Paris Theatre

4 W. 58th Street,
New York, NY 10019

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12-10-11 daytime

Viewing: Photo | Street View

The first of the post-war movie houses constructed in Manhattan, the Paris Theatre is directly across from the Plaza Hotel and not much further from the beginning of Central Park.

The Paris Theatre opened on September 13, 1948, with Marlene Dietrich cutting the ribbon in the presence of the Ambassador to France. The original movie operator, Pathe, ran the theatre until 1990. Loew’s then took over, and the theatre was known for a while as the Fine Arts Theatre. Renamed the Paris Theatre, as of 2009, City Cinemas is the movie operator.

This luxurious art house in Manhattan’s Midtown has an Art Moderne exterior. The auditorium has blue velvet walls and seating for 421 on the main floor and in the 150 in the balcony. It has excellent projection and sound. The atmosphere is elegant, including with well attired and helpful staff.

The Paris Theatre is one of the very best places to see art house films in New York. As its name implies, the Paris has an affinity for playing foreign films (especially French films). Many premieres have been hosted by the Paris Theatre.

Contributed by Ross Melnick, Howard B. Haas

Recent comments (view all 203 comments)

moviebuff82
moviebuff82 on April 8, 2017 at 2:44 pm

Is this the only remaining single screen theater owned by a major chain left in Manhattan? Seems so.

HowardBHaas
HowardBHaas on September 14, 2017 at 4:20 pm

from Facebook page-

The Paris Theatre will be Closed for Maintenance from Monday 9/11/17 through Thursday 9/21/17. While we’re sprucing up, visit our sister locations: The Beekman Theatre (NYC), City Cinemas 1, 2 & 3, East 86th St. Cinema, Village East Cinema and Angelika Film Center! We will re-open on 9/22 for our next film engagement, VICTORIA & ABDUL!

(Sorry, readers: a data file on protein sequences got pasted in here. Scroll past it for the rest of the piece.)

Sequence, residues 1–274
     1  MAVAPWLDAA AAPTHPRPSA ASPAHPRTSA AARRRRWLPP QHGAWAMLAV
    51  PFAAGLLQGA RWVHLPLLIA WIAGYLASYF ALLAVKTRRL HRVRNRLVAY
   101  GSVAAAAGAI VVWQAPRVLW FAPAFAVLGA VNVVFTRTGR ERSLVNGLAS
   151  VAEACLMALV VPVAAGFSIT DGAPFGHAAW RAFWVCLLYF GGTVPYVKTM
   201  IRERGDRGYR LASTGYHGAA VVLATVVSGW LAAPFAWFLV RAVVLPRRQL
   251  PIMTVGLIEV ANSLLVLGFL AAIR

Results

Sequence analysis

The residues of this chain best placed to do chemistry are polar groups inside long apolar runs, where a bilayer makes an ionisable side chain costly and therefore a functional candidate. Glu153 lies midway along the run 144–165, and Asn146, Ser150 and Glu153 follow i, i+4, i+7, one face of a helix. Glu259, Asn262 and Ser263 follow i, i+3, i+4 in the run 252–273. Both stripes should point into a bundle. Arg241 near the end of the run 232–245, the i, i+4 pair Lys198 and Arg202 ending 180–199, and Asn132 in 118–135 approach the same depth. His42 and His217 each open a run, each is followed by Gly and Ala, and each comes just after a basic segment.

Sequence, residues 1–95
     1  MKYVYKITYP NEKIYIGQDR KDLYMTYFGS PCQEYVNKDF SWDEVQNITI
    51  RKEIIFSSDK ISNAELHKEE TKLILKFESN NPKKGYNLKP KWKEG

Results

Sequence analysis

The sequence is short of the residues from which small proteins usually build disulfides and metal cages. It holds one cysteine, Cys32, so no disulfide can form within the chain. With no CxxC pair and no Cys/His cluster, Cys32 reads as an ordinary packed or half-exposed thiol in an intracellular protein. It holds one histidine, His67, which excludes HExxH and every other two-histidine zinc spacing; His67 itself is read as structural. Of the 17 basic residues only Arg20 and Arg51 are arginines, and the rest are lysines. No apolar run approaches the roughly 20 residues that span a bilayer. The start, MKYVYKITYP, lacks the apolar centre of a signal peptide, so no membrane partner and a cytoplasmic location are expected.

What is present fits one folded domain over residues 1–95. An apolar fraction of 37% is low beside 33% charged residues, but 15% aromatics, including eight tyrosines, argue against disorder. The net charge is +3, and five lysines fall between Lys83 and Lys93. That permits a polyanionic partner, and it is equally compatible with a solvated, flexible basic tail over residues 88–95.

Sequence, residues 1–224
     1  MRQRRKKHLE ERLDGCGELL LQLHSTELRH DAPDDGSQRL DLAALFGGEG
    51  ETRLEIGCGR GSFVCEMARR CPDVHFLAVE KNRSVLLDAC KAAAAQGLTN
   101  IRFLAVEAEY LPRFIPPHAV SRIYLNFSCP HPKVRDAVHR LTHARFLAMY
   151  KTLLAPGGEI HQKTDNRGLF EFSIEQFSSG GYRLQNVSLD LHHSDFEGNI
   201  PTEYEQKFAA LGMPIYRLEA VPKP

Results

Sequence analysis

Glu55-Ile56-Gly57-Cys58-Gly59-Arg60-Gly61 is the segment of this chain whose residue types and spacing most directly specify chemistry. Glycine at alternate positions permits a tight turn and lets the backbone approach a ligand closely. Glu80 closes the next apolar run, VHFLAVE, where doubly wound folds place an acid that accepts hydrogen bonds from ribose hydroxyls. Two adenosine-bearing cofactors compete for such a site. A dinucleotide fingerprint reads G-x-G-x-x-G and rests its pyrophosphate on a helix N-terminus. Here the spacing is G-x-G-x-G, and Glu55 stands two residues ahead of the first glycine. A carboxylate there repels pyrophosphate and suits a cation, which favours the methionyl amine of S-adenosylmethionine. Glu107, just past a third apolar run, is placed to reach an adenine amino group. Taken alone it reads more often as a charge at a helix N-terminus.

HowardBHaas
HowardBHaas on September 16, 2017 at 6:12 am

I asked in person yesterday. Just cleaning, no major changes (thankfully).

xbs2034
xbs2034 on September 18, 2017 at 7:11 am

There is reserved seating and a slightly higher ticket price ($17, which I believe is a buck or two higher than before) accompanying the re-opening.

Hopefully they would at least update the cushioning on the seats as those have seen some wear and tear and are not the most comfortable, but yes they should still keep the classic movie palace feel, including continuing their use of curtains which open with the previews before each show.

bigjoe59
bigjoe59 on October 20, 2017 at 1:45 pm

Hello-

i went to see Victoria and Abdul the day after it opened which I enjoyed a great deal but. i find the new reserve seating policy annoying. when i got on line it went from the box office to the corner of the Bergdorf Goodman building. because there’s only one ticket seller and you have to pick a seat from the little screen it took forever to get from the corner of the BG building to the box office. if the theater was looking for a way to raise prices just do so. the reserved seat policy is a waste of time.

moviebuff82
moviebuff82 on October 25, 2017 at 10:36 am

That stinks. Pretty soon every theater will have it. Manhattan is very high volume compared to the jersey suburbs . No wonder why more people are watching movies at home instead of heading out to a movie.

cmbussmann
cmbussmann on October 27, 2017 at 9:14 am

Am not a fan of reserved seating, especially at a place like the Paris. For one, it slows the ticket line down. As well, I like to sit in the balcony but sometimes the older patrons here doze off and snore so then I move downstairs.

Antoine Doinel
Antoine Doinel on November 5, 2017 at 3:50 pm

Reserved seating is AWESOME!!!! Thank you City Cinemas for reserved seating! General admission seating is for animals! Reserved seating is great! Reserve your tickets and seats in advance, and donkt worry about standing in line or having to get there early! It’s the civilized way to see a film, and reserved seating has long been the norm internationally. Finally the U.S. catches up. I’m very pleased with this. It’s the way all cinemas should be!

moviebuff82
moviebuff82 on November 14, 2017 at 10:19 am

Reserved seating first debuted in USA for road show releases during the golden age of Hollywood but it took awhile for mainstream cinema chains to accept it.

Antoine Doinel
Antoine Doinel on November 17, 2017 at 8:05 am

Roadshows were special, and meant to be that way. It’s only in recent times that standard movie runs in the U.S. have adopted reserved seating. And it’s about time. I’m very happy about it. Like I said, “FINALLY!!!”

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